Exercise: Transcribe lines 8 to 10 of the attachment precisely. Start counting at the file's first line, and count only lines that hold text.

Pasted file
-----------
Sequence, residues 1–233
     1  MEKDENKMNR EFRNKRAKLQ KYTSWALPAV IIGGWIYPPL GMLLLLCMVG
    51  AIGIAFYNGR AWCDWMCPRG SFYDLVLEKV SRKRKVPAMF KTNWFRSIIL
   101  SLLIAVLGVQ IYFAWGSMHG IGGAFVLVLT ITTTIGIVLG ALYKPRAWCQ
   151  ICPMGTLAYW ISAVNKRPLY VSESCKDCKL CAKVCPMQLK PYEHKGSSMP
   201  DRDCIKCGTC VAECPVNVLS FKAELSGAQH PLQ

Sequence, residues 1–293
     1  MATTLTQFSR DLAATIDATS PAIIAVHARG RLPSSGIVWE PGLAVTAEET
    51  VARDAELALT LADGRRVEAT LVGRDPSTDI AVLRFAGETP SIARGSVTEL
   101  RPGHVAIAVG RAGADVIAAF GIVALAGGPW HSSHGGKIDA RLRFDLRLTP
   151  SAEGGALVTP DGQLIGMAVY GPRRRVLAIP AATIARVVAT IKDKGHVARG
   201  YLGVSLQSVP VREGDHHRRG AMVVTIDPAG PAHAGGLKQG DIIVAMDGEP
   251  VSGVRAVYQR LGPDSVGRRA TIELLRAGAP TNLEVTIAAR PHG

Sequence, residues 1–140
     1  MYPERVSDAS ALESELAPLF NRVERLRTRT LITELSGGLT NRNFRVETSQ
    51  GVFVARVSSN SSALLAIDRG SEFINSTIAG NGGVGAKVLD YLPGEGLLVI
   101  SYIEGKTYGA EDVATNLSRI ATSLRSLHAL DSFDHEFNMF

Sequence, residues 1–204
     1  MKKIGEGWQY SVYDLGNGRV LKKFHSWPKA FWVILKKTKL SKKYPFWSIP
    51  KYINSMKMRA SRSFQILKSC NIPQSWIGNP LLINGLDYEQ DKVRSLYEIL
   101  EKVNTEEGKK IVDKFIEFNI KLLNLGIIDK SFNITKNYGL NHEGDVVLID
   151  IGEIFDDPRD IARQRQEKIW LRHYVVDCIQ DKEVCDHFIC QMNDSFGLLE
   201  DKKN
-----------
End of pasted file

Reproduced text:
     1  MATTLTQFSR DLAATIDATS PAIIAVHARG RLPSSGIVWE PGLAVTAEET
    51  VARDAELALT LADGRRVEAT LVGRDPSTDI AVLRFAGETP SIARGSVTEL
   101  RPGHVAIAVG RAGADVIAAF GIVALAGGPW HSSHGGKIDA RLRFDLRLTP